Go Ask Alice or Dreamland?
I'm buying one book.
Should I buy Go Ask Alice by Anonymous OR Dreamland by Sarah Dessen?
- Anonymous1 decade agoFavorite Answer
Go Ask Alice Anonymous
An unnamed fifteen-year-old diarist, whom the novel's title refers to as Alice, starts a diary. With a sensitive, observant style, she records her adolescent woes: she worries about what her crush Roger thinks of her; she loathes her weight gain; she fears her budding sexuality; she is uncomfortable at school; she has difficulty relating to her parents. Alice's father, a college professor, accepts a teaching position at a different college and the family will move at the start of the new year, which cheers Alice up.
The move is difficult. While the rest of her family adjusts to the new town, Alice feels like an outcast at school. Soon she meets Beth, a Jewish neighbor, and the two become fast friends. Beth leaves for summer camp and Alice goes to live with her grandparents. She is bored, but reunites with an old friend, Jill, who invites Alice to a party. At the party, Alice unwittingly drops LSD and experiences a fantastic drug trip. Though curious, she vows not to do drugs again.
Alice happily experiments with more drugs and loses her virginity while on acid. Roger and his parents show up unexpectedly to visit her grandfather, who has had a small heart attack. Alice is enthralled with Roger but feels guilty about her drug use and loss of virginity. She doesn't know to whom she can talk about drugs. She is worried that she may be pregnant. Alice goes home and her family accepts her warmly. Unable to sleep, she receives powerful tranquilizers from her doctor. Beth returns from camp, but Alice finds that Beth has changed. In a boutique, Alice meets Chris, a hip girl. Alice's parents worry about Alice's "hippie" appearance.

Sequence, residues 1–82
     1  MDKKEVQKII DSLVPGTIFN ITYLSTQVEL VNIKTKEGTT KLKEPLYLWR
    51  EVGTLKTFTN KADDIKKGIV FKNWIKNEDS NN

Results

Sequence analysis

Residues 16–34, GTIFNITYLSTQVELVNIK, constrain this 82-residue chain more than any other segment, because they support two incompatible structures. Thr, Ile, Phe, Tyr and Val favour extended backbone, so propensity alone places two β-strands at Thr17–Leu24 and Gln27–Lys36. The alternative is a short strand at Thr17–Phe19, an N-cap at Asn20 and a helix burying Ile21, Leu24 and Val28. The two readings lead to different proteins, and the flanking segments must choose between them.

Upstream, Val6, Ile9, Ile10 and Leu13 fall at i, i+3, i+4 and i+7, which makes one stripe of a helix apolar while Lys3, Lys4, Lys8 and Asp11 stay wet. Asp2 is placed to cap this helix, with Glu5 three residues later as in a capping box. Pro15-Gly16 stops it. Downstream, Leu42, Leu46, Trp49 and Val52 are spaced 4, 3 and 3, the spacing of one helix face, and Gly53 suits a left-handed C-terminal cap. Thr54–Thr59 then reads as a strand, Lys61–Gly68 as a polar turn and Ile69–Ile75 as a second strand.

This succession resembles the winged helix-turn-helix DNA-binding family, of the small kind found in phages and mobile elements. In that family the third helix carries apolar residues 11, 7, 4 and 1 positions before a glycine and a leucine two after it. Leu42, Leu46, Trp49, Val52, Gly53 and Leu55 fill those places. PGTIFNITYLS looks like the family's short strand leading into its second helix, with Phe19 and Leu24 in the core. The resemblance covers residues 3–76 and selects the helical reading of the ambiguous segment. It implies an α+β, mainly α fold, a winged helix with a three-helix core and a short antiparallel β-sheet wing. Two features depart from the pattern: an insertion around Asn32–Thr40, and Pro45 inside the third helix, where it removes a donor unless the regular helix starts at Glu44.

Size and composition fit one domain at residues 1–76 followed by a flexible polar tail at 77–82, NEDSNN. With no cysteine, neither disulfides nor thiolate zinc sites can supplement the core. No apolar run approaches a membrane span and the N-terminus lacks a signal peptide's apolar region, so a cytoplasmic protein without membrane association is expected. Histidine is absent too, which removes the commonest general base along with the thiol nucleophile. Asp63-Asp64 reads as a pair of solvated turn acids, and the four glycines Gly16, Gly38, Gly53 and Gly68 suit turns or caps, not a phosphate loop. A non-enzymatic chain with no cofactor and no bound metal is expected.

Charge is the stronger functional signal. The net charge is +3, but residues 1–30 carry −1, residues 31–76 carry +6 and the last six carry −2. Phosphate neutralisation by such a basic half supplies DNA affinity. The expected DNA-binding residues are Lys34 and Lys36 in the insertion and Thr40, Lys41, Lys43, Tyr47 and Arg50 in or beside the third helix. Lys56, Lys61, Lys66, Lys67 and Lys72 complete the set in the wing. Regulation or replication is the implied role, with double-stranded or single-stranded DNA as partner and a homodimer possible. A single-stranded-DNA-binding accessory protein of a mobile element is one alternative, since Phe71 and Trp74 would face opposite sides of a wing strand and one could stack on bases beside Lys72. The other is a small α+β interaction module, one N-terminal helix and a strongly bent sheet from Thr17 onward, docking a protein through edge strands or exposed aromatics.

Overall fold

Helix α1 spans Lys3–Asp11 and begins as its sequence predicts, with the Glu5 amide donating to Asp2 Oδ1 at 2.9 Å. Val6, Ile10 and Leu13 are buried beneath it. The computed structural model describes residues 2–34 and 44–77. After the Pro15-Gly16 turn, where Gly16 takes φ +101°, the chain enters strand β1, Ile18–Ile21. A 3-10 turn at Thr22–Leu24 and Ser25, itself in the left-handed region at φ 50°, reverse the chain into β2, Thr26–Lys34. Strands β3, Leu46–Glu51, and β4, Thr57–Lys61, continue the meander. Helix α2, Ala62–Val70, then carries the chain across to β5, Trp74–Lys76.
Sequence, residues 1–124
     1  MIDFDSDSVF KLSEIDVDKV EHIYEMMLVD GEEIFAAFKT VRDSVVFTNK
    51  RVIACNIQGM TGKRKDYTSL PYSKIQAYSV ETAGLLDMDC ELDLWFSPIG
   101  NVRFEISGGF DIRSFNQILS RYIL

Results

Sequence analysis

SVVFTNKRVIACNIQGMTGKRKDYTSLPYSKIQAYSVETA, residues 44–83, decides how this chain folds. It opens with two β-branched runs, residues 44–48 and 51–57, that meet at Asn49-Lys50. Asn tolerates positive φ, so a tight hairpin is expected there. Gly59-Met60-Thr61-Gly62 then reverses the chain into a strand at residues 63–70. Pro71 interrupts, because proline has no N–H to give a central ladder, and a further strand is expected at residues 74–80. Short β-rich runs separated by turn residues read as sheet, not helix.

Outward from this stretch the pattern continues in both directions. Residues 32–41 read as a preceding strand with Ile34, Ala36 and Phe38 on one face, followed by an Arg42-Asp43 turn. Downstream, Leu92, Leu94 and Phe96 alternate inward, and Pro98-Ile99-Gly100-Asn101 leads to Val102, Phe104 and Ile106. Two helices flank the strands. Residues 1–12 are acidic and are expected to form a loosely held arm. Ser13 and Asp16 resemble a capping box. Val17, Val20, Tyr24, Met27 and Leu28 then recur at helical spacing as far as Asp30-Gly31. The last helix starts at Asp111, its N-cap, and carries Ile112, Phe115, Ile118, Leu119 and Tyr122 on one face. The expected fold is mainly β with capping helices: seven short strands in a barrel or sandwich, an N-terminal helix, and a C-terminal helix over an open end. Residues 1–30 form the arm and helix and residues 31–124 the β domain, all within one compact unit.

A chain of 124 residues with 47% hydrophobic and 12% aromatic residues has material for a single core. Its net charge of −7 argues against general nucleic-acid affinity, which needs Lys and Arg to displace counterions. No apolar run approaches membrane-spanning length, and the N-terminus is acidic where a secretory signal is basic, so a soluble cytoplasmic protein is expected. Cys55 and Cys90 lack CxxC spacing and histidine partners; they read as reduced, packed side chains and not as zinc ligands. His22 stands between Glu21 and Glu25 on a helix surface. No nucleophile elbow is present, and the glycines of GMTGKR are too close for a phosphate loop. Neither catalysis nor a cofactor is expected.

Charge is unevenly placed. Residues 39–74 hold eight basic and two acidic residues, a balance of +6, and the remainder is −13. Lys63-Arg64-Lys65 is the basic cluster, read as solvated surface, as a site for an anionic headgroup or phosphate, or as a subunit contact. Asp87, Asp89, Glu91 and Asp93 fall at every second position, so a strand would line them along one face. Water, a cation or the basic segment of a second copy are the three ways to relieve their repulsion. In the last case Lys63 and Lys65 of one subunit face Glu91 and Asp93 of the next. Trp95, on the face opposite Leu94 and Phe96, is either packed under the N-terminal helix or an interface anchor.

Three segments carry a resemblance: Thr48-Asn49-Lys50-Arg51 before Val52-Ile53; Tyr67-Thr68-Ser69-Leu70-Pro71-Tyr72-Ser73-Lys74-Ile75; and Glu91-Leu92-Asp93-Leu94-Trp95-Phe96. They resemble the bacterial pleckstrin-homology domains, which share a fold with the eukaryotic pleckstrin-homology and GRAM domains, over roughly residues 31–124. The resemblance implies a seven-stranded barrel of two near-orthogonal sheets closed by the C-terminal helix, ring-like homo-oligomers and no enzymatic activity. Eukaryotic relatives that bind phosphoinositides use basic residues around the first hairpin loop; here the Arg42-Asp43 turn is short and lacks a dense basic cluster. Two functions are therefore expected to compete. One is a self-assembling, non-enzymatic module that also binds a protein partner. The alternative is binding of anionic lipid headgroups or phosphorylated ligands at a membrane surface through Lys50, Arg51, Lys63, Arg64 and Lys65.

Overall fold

Alice and Chris are both dissatisfied with the establishment and their own families. Alice gets a job working with Chris, and the two become best friends. At school, they use drugs and are popular. Chris's friend Richie, a college boy, turns Alice on to marijuana. To make more money for drugs, she and Chris sell drugs and do whatever they can to help Richie and Ted (Chris's boyfriend and Richie's roommate). Alice and Chris discover Richie and Ted having sex with each other and flee to San Francisco. Alice turns Richie in to the police and vows to stay clean with Chris. They move into a cramped apartment. Chris secures a job in a boutique with a glamorous older woman, Sheila, and Alice gets one with a custom jeweler. Sheila invites the girls to a party at her house.
At Sheila's swanky party, the girls use drugs again. They continue to party with Sheila until one night, when trying heroin, Alice realizes that Sheila and her boyfriend have been raping and brutalizing them. The girls kick their drug lifestyle. They find a new apartment in Berkeley and open a jewelry shop there, which turns into a hangout for the neighborhood kids. Alice misses her family. She returns home for Christmas, and the holiday spirit and family camaraderie revive her. She begins school and resists drug advances from old friends, though some are aggressive. Chris smokes marijuana with her, and Alice goes back on drugs. The police raid Chris's house while she and Alice use drugs. The girls are put on probation, and Alice will be sent to a psychiatrist.